full-disclosure-uk August 2008 archive

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Date: Fri Aug 08 2008 - 20:33:18 GMT

To: "Leichter, Jerry" <leichter_jerrold@emc.com>

At Fri, 8 Aug 2008 15:52:07 -0400 (EDT),
Leichter, Jerry wrote:

*> *

*> | > > Funnily enough I was just working on this -- and found that we'd*

*> | > > end up adding a couple megabytes to every browser. #DEFINE*

*> | > > NONSTARTER. I am curious about the feasibility of a large bloom*

*> | > > filter that fails back to online checking though. This has side*

*> | > > effects but perhaps they can be made statistically very unlikely,*

*> | > > without blowing out the size of a browser.*

*> | > Why do you say a couple of megabytes? 99% of the value would be*

*> | > 1024-bit RSA keys. There are ~32,000 such keys. If you devote an*

*> | > 80-bit hash to each one (which is easily large enough to give you a*

*> | > vanishingly small false positive probability; you could probably get*

*> | > away with 64 bits), that's 320KB. Given that the smallest Firefox*

*> | > [...]*

*> You can get by with a lot less than 64 bits. People see problems like*

*> this and immediately think "birthday paradox", but there is no "birthday*

*> paradox" here: You aren't look for pairs in an ever-growing set,*

*> you're looking for matches against a fixed set. If you use 30-bit*

*> hashes - giving you about a 120KB table - the chance that any given*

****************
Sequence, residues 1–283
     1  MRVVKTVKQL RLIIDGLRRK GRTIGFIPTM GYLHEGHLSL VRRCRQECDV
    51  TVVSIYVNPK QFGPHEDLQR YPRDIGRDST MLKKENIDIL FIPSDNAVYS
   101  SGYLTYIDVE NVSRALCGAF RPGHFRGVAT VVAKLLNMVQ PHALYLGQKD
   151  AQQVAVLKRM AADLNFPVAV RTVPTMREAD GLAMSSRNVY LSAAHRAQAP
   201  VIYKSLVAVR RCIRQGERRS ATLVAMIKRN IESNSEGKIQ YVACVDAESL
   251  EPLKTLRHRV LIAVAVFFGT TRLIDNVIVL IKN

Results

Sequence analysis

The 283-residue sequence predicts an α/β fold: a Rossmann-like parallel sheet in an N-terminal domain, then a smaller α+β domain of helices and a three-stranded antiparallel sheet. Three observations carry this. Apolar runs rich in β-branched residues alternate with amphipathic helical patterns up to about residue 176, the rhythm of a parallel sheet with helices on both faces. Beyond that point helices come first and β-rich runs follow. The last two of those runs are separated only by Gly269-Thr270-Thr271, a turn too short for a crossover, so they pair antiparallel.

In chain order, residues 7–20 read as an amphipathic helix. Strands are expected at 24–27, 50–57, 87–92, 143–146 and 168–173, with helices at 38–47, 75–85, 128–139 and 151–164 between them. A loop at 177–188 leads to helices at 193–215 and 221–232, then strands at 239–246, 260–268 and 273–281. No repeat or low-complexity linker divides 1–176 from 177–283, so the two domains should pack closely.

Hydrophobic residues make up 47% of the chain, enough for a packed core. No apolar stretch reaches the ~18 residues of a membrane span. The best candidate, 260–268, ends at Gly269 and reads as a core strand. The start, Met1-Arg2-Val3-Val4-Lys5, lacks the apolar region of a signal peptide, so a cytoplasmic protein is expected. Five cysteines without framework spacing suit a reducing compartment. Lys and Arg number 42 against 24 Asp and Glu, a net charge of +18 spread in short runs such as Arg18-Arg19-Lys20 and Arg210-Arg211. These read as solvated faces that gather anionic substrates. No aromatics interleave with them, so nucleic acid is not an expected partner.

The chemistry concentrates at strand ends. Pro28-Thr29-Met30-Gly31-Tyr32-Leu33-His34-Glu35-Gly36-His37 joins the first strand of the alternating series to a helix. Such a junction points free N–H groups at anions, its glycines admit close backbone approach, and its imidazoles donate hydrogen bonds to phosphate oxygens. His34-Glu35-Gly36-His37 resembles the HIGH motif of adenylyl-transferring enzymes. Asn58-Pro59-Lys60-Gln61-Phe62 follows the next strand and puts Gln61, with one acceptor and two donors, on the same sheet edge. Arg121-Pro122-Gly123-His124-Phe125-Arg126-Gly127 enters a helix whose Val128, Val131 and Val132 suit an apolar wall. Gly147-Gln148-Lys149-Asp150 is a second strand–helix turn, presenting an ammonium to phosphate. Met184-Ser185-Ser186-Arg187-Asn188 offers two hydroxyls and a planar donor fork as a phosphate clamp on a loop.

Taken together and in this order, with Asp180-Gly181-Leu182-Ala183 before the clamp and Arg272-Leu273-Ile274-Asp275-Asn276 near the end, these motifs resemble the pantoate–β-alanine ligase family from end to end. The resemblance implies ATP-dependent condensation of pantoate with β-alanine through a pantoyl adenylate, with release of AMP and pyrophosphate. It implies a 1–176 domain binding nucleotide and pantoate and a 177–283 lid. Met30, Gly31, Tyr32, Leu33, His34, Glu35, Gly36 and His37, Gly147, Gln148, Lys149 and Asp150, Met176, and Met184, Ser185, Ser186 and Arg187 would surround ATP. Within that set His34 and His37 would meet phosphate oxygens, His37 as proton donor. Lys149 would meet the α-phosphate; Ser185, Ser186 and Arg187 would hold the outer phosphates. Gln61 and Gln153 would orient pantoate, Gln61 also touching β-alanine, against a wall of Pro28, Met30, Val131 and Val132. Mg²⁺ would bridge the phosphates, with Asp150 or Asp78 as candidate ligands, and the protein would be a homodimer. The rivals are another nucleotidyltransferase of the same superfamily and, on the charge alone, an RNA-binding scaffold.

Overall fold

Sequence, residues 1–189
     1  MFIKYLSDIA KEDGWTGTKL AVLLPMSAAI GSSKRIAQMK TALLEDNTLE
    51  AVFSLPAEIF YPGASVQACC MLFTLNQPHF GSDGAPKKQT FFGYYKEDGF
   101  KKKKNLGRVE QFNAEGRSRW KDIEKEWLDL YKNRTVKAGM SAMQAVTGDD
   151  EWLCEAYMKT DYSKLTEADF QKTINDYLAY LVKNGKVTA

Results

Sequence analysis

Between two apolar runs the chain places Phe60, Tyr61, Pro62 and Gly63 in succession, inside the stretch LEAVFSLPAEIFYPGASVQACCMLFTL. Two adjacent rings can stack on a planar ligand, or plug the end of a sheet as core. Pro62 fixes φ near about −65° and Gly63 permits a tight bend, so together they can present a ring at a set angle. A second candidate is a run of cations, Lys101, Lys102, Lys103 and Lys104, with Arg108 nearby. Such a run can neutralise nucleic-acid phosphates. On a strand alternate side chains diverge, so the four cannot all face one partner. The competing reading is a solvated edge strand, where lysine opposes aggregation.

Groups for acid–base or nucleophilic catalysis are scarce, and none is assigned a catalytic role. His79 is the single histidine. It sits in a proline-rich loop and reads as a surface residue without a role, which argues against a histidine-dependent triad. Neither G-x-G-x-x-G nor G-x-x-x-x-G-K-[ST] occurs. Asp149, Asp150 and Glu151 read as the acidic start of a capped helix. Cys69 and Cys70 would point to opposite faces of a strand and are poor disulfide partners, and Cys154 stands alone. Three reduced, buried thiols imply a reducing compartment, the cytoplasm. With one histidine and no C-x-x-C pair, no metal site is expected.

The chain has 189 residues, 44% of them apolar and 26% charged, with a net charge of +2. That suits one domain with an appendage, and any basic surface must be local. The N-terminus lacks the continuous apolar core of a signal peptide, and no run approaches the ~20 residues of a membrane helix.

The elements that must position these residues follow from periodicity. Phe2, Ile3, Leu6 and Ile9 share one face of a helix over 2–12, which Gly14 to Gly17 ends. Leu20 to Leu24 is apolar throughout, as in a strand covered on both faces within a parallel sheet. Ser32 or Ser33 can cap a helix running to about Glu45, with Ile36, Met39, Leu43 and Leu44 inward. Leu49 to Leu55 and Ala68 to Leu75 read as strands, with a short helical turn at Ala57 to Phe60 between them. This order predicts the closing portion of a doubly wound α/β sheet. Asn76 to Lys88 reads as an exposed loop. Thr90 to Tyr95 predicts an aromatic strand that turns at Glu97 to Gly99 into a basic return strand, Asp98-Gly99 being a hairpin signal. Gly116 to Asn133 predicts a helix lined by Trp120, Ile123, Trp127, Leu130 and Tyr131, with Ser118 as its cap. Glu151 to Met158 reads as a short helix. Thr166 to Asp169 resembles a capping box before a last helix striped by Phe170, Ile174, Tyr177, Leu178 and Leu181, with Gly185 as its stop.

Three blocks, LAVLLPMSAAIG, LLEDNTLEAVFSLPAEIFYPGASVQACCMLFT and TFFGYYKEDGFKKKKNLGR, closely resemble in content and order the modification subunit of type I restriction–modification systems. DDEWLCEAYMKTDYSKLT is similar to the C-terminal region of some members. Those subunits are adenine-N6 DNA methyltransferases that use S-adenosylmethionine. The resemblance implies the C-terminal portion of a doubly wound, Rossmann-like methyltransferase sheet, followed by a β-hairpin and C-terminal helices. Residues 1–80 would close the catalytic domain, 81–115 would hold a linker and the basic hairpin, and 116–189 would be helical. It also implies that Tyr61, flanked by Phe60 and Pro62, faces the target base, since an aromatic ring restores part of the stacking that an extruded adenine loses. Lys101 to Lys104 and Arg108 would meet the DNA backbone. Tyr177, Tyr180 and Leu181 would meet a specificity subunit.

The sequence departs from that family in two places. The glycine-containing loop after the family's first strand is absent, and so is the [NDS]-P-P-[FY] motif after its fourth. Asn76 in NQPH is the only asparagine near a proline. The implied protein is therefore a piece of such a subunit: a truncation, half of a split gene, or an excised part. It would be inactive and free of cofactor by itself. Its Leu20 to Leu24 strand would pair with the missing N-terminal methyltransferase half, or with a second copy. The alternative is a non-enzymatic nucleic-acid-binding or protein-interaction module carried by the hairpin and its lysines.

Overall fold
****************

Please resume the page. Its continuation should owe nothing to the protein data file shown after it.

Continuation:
*> key happens to hash to something in the table is one in a billion,*

*> now and forever. (Of course, if you use a given key repeatedly, and*

*> it happens to be that 1 in a billion, it will hit every time. So an*

*> additional table of "known good keys that happen to collide" is worth*

*> maintaining. Even if you somehow built and maintained that table for*

*> all the keys across all the systems in the world - how big would it*

*> get, if only 1 in a billion keys world-wide got entered?)*

I don't believe your math is correct here. Or rather, it would be correct if there was only one bad key.

Remember, there are N bad keys and you're using a b-bit hash, which has 2^b distinct values. If you put N' entries in the hash table, the probability that a new key will have the same digest as one of them is N'/(2^b). If b is sufficiently large to make collisions rare, then N'=~N and we get N/(2^b).

To be concrete, we have 2^15 distinct keys, so, the probability of a false positive becomes (2^15)/(2^b)=2^(b-15). To get that probability below 1 billion, b+15 >= 30, so you need about 45 bits. I chose 64 because it seemed to me that a false positive probability of 2^{-48} or so was better.

-Ekr

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